A 2004 survival horror game developed by From Software and published by Agetec for the PlayStation 2, Kuon is based on ancient Japanese ghost stories. Set in Kyoto during the Heian period, it tells the strange, dark and grisly tale of a cursed mansion and all the terrors that lurk within.The story is told from the point of view of two very different young women, each of which has their own separate phase:
Utsuki, daughter of Doman, an exorcist who was forced out of service because of his unorthodox methods. Her phase is Yin, the Chapter of Shadow. She and her sickly older sister Kureha brave the mansion in search of their father, who has gone missing after being assigned to break the curse. She fights with a dagger, and can also use spells.
Sakuya, a skilled exorcist and Doman's female disciple. Her phase is Yang, or Chapter of Light. She and the other disciples, including her brother Doryo, are summoned to the mansion to investigate and aid their master in the exorcism. She helps Utsuki on numerous occasions. She fights with a fan, and can perform magic, spells and summonings.
If you complete both the Yin and Yang stages then you can unlock the Kuon phase. Here you play as the legendary onmyouji and Doman's bitter rival Abe no Seimei, as she (yes it's a she) takes it upon herself to solve the crisis once and for all. Her weapon is a spear, and she has unlimited magical ability. Only by completing the Kuon phase can you attain the true ending.The opponents our two protagonists face are the Gaki, the mansion's former inhabitants (or what remains of them) who have been turned into bloodthirsty ghouls that are randomly encountered throughout the game. Other characters include the owner of the mansion Lord Fujiwara, his wife, their daughter Ayako, the high priest of the local shrine and the mysterious unnamed twins who crop up every now and then, either to deliver cryptic information or just generally be creepy.The plot is developed through a series of reports, documents and diary extracts, and can prove pretty complex. However the setting, while chilling and bloody, is also beautiful and the suspense created by the music and lighting (or sometimes lack thereof) gives the game a great sense of depth.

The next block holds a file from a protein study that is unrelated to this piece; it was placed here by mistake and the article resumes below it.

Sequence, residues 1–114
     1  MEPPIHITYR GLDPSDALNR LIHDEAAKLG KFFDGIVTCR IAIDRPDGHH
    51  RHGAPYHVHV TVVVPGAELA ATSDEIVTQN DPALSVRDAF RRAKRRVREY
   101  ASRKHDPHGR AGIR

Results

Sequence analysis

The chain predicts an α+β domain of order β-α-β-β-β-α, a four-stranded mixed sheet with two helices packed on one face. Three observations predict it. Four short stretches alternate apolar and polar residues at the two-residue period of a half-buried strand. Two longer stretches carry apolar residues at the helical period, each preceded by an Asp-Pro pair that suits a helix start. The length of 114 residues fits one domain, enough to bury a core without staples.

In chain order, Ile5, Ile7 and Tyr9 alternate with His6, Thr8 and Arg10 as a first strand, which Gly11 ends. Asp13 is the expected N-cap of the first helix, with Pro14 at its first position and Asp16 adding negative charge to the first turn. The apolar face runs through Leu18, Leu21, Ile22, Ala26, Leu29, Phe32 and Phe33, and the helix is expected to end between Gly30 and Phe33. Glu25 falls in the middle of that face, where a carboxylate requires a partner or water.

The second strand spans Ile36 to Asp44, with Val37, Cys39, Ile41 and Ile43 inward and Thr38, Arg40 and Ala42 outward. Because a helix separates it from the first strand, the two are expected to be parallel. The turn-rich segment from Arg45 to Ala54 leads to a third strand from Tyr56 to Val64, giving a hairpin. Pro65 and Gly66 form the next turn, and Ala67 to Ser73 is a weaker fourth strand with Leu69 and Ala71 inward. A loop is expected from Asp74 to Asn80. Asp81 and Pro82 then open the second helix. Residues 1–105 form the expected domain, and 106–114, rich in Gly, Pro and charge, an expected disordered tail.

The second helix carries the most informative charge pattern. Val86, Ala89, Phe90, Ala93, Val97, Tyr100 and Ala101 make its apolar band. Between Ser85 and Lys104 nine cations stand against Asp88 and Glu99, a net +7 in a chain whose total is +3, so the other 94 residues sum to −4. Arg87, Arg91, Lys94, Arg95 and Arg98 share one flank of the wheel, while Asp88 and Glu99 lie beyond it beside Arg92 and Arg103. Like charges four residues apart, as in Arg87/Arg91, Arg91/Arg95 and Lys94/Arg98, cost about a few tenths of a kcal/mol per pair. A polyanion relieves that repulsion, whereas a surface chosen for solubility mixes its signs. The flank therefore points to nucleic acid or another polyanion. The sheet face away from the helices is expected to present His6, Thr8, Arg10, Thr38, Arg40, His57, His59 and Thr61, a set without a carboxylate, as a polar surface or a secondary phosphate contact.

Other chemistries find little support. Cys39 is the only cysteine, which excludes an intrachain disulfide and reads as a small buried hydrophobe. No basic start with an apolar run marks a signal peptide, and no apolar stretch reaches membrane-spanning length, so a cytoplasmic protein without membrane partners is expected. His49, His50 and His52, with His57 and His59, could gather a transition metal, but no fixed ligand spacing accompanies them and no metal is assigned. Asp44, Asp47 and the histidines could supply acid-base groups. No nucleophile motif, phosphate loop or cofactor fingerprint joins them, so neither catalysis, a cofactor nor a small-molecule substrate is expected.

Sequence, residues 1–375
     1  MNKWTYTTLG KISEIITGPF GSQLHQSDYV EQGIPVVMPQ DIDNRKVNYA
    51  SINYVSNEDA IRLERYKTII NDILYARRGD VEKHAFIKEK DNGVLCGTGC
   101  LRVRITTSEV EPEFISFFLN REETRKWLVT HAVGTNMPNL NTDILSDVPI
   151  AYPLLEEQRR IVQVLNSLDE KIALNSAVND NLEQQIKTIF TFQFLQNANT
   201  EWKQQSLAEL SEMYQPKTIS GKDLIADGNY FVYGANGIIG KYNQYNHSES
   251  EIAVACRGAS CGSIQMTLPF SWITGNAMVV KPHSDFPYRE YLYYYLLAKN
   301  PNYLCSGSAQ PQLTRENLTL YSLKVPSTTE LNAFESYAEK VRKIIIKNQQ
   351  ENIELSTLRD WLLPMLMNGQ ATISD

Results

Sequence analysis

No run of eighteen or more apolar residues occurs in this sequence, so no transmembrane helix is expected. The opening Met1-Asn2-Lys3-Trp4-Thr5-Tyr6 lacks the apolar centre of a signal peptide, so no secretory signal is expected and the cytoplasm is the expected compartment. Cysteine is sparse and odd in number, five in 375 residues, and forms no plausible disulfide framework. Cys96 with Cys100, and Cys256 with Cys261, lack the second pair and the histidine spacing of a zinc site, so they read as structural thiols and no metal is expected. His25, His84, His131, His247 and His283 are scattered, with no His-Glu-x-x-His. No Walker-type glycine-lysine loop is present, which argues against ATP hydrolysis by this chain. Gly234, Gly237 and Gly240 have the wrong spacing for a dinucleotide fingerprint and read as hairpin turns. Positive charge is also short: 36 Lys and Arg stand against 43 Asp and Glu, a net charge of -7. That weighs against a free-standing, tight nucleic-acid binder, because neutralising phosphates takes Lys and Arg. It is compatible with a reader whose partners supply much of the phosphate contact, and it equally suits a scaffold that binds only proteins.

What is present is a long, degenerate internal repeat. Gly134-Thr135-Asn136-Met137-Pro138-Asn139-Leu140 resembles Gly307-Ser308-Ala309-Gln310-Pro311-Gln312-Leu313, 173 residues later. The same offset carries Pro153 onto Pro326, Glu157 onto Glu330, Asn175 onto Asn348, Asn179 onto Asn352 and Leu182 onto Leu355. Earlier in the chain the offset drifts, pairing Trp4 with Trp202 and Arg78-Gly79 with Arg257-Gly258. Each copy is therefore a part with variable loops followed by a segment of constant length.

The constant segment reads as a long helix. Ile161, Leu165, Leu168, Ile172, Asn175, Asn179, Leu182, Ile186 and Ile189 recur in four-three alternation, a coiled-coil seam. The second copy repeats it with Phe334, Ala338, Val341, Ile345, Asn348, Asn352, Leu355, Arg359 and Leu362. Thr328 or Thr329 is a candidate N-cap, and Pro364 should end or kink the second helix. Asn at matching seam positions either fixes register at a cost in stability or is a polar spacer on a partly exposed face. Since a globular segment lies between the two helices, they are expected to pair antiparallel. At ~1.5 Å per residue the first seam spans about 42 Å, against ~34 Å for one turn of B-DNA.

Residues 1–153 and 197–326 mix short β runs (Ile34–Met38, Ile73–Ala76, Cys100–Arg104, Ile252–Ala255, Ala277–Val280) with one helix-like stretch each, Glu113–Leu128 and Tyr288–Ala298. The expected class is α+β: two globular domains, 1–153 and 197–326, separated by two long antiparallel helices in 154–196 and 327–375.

This game provides examples of:
Aloof Big Brother: Doryo, when he's not being a jerkass, though he does help Sakuya occasionally and makes a point of how even he can be nice at times.
Berserk Button: When one of the twins is killed by Sakuya, the remaining twin loses it. She shows up later, drenched in blood and near death.
Body Horror: Your average Gaki is small, bloated creature half-rotten and covered in blood, but that doesn't compare to demons like the centipede-woman (who literally tears herself apart when she transforms) or the incomplete cocoons, which look like humans wrapped in silk that drag themselves across the ground, moaning pitifully. Most of the corpses are also horribly disfigured.
Covert Pervert: Doman, who mentions in his notes that he intends to have Seimei whore herself to him.